It’s Monday, August 9, and offshore wind could be huge for steelworkers.

There’s no bigger story in the climate and environmental space today than the new report from the Intergovernmental Panel on Climate Change. We’ll get to that below. First, some good news:

An offshore wind developer, US Wind, recently announced plans to build what will be one of the largest offshore wind farms on the East Coast — and create hundreds of union jobs in the process

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US Wind will expand its Momentum Wind project, creating 3,500 construction and 100 operations jobs, as well as an estimated 500 permanent jobs, most of which will employ union members. The company also proposed building a new plant outside of Baltimore called Sparrows Point Steel, which will operate on the former site of Bethlehem Steel Corp., once one of the largest manufacturing plants in the United States. The decision is bringing hope to steel industry workers who watched the slow decline of Bethlehem Steel before its eventual bankruptcy filing and permanent closure in 2012. 

US Wind already agreed to hire union labor, signing memoranda of understanding with the United Steelworkers union, local branches of the International Brotherhood of Electrical Workers, and the Baltimore-D.C. Building Trades council.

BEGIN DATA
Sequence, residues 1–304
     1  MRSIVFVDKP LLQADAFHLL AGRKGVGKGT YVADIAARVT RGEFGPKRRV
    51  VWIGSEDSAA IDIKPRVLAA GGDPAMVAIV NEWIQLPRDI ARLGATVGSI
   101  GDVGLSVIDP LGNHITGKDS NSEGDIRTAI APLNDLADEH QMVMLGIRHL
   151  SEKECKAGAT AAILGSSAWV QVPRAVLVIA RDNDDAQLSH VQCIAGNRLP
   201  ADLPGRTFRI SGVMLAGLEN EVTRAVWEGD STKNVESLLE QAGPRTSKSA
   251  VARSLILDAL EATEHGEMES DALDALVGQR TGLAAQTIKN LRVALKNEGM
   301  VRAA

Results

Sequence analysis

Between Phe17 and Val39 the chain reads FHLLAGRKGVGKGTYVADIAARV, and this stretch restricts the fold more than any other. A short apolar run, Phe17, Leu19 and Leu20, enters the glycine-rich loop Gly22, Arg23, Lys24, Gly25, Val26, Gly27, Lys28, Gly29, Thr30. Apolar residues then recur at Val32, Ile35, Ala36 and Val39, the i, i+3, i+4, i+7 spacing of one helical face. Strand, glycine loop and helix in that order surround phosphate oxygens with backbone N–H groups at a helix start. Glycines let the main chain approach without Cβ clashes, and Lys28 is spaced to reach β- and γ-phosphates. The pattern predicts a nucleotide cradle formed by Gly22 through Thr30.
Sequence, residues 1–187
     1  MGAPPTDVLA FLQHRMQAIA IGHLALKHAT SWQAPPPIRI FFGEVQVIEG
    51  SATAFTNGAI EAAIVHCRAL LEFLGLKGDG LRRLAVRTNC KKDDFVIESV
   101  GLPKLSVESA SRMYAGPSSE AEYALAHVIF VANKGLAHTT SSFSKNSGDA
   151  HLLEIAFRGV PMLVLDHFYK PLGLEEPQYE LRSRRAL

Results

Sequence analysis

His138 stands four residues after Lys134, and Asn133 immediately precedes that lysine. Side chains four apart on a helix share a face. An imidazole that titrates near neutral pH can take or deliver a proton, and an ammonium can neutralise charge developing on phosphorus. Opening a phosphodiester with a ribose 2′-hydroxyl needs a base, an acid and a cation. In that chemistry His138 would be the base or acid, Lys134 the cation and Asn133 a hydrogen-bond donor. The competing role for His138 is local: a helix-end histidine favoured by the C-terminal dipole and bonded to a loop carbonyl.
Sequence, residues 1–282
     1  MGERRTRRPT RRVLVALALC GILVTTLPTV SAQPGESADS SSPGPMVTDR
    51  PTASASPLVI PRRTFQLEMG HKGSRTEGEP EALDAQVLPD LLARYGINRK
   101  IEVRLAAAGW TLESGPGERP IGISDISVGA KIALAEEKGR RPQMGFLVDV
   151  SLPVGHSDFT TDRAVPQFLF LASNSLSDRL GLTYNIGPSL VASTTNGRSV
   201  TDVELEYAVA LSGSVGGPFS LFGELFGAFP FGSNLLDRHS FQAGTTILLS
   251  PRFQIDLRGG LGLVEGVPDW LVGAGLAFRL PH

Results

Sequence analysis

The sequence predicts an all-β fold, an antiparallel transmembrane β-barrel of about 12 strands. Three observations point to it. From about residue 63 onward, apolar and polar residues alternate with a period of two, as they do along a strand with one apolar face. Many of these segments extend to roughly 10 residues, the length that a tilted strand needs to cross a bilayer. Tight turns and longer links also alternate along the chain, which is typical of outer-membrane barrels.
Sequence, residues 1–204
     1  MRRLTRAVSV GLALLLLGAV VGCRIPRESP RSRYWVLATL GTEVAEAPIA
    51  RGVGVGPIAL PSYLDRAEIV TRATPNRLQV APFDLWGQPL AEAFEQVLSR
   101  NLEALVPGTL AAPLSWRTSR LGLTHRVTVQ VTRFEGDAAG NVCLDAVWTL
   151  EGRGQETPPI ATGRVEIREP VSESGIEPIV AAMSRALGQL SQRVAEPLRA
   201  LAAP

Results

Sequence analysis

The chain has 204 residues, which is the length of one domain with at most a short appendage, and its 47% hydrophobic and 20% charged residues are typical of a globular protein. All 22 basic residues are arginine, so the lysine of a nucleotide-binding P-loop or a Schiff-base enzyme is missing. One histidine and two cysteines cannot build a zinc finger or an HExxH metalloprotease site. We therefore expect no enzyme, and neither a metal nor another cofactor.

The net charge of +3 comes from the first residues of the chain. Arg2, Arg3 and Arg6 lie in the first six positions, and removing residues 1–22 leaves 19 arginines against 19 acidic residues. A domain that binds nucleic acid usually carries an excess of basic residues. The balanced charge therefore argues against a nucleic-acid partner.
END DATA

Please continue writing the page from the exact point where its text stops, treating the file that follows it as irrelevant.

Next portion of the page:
The growth in offshore wind development on the East Coast has been driven by state-level policies that mandate utilities source a specific amount of energy from wind. Even more investments could be on the horizon if the bipartisan infrastructure plan goes through, or if Congress is able to pass a clean electricity standard.

Jena Brooker

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Smog clouds

The Smog

Need-to-know basis

The Intergovernmental Panel on Climate Change’s sixth annual report, published today, shows significant global warming is locked in — and the window of opportunity for averting a catastrophic rise in temperatures is closing. The planet has already warmed 1.1 degrees Celsius (~2 degrees Fahrenheit), which is “unequivocally” due to human activity, and another 0.4 degrees C (0.7 degrees F) is on tap within the next two decades.

World leaders will meet in Scotland for the 26th U.N. Climate Change Conference this fall to negotiate the terms of mitigating the climate crisis. This week, Alok Sharma, the British minister in charge of the conference, warned that the meeting might be the world’s last chance to limit global warming. “We can’t afford to wait two years, five years, 10 years,” he said. “This is the moment.”  

Over the weekend, the Dixie Fire in northern California exploded into the second-largest wildfire in the state’s history. The fire had consumed an area more than two and a half times the size of New York City as of Sunday night. Thousands of Californians have evacuated, and the fire is currently only 21 percent contained.

Zoya Teirstein